Genetic Processes Lab Report

The virtual experiment will give instructions through written notes or you can listen to audio instructions.

This experiment will have a journal with tables and answers to questions that you can save and print. However, you will be writing a formal laboratory report using the format identified below in the part labeled – “ Lab Report. Format”

You can answer journal questions and fill in data on the program for the sake of reference. However, the graded product is a formal lab report.

Lab Report Format

 

Title – Put your name, date and the course code on the upper right hand corner of your lab report. Centre the title of the lab below this. Please do not include a separate title page.

Each of the following sections should fall under a bolded or underlined title in your report to make everything look organized and easy to follow.

 

Introduction – Provide background information about the subject of the lab. Explain the concepts underlying the lab as if you were explaining them to someone who had never taken a chemistry class before. Use pictures or diagrams to demonstrate your points and label them as Figures with titles. If you do use Figures, refer to them in your introduction (i.e. as can be seen below in Figure 1). End your introduction with a final sentence that leads the reader into the rest of the report, ex. “This lab will examine the properties of four substances…”

Question – Create a question about what you are trying to find out in the experiment. Often re-stating the Purpose in the form of a question will lead you to a strong, testable, experimental question.

Hypothesis – State a hypothesis – what you think will be the result of the experiment as well as what you are basing your prediction on. If there is more than one part to the lab, you should have a hypothesis for each part of the experiment.

Materials and Procedure – these are generally provided to you on a lab handout or in the textbook. Simply put the title along with a reference to the handout or page in the textbook. For example,
“See Materials and Procedure listed on the lab handout titled ‘Properties of Substances’”.

Observations – Data collected during the experiment. This should be shown in table form, or in numerous tables if necessary. Tables should be NUMBERED and TITLED (ex. “Table 1: Rate of Formation of Oxygen at the TOP of the table. Note that “Observations” is NOT a title. Your title should clearly explain what information is being presented. Similarly, if any graphs, pictures or diagrams appear in this section, they are called Figures. Figures are also NUMBERED and TITLED (ex. Figure 1: Colours observed for acidic and basic pHs) at the BOTTOM of the figure.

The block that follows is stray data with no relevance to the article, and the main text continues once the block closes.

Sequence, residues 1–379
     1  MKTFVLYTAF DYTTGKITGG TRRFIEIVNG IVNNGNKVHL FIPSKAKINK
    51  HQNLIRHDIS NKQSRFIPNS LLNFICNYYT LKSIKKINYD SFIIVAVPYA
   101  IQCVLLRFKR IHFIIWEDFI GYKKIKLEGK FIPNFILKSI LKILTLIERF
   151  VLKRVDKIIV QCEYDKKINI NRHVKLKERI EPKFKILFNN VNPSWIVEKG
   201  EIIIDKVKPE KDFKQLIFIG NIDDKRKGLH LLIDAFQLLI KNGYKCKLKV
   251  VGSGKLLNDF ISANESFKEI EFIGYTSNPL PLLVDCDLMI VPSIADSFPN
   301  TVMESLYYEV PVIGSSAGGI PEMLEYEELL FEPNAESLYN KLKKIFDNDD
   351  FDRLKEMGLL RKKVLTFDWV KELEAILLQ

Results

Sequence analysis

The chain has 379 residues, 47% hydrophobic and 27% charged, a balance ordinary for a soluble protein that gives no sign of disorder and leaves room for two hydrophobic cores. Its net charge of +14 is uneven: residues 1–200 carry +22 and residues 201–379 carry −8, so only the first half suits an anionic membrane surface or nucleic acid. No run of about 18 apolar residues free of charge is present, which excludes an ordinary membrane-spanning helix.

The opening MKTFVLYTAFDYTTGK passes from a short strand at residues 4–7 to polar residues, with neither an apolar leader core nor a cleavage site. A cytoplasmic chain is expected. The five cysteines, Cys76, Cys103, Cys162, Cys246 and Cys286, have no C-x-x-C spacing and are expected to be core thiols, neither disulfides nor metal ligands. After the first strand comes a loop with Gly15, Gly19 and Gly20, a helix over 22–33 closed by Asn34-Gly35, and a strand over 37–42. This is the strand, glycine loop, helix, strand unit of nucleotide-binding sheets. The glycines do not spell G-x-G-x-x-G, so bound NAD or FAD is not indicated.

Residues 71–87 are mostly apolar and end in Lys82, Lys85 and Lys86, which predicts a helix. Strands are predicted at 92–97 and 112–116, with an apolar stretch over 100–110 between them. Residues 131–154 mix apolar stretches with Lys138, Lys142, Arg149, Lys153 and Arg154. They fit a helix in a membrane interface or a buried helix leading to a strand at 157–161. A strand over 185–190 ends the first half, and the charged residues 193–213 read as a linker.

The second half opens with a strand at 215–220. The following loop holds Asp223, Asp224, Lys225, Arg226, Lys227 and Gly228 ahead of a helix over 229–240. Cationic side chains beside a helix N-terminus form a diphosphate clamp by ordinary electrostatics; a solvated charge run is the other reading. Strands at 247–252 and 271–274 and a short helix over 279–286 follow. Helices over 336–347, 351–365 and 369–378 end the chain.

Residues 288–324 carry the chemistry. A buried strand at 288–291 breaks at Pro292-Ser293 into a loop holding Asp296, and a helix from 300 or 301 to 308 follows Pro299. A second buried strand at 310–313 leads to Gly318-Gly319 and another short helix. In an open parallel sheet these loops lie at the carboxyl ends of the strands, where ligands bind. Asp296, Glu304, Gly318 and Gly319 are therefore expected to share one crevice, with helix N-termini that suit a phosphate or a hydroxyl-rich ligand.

Analysis and Discussion – If any calculations need to be completed for the experiment, they should be done here. Discuss your results and how they pertain to the hypothesis. Even if it is not explicitly stated to refer to your hypothesis, it is extremely important to mention how your results compared to what you thought would occur. Explain your findings in terms of the science behind them, and provide reasons why any data collected was not as you expected/what should have occurred. This is the largest and most important part of your lab, and research may need to be completed to explain all your observations and findings. When discussing your observations, make sure you reference your tables or figures (ex. As can be seen in Table 1). Note: questions placed in the Analysis or Discussion section of your lab handout are to be answered here, but they are to lead you in the general direction of what needs to be discussed. Expand and explain your findings fully. This whole section should be in paragraph form and should not simply be numbered answers to the questions.

Conclusion – Summarize your findings in a few sentences by answering the question at the beginning of the report. Describe how your results compared to your hypothesis.

Extension Questions – Often the lab experiment will require you to apply your newly found knowledge to additional questions. Answer any “Extension Questions” in this section of your report. You also do not need to depend on extension questions. If , in your readings or movies that you have watched or phenomena that you have observed yourself, you see application of the science concept in this experiment, include it in this part of the lab report.

FINAL NOTE ABOUT FORMAT: Your report should fall under the headings above. It should be typed in 12 pt font and double spaced and in an easy-to-read, professional looking font( Times New Roman or Arial) .  Lab reports are never written in first person (I, me, etc.) and should also not include any second person (you). Always use third person throughout the entire report. It should also be written in past tense.

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